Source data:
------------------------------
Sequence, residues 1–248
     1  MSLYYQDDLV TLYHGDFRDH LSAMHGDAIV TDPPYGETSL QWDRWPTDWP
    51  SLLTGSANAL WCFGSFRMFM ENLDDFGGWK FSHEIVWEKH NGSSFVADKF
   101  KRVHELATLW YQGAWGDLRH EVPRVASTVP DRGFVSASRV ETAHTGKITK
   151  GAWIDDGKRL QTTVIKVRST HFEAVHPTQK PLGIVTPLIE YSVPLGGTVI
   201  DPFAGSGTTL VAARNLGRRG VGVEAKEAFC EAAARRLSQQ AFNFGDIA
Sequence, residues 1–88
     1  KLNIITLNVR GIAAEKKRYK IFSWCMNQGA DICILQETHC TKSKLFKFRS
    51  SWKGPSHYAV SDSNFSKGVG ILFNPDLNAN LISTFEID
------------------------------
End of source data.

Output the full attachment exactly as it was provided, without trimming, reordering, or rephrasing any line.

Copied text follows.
Sequence, residues 1–248
     1  MSLYYQDDLV TLYHGDFRDH LSAMHGDAIV TDPPYGETSL QWDRWPTDWP
    51  SLLTGSANAL WCFGSFRMFM ENLDDFGGWK FSHEIVWEKH NGSSFVADKF
   101  KRVHELATLW YQGAWGDLRH EVPRVASTVP DRGFVSASRV ETAHTGKITK
   151  GAWIDDGKRL QTTVIKVRST HFEAVHPTQK PLGIVTPLIE YSVPLGGTVI
   201  DPFAGSGTTL VAARNLGRRG VGVEAKEAFC EAAARRLSQQ AFNFGDIA
Sequence, residues 1–88
     1  KLNIITLNVR GIAAEKKRYK IFSWCMNQGA DICILQETHC TKSKLFKFRS
    51  SWKGPSHYAV SDSNFSKGVG ILFNPDLNAN LISTFEID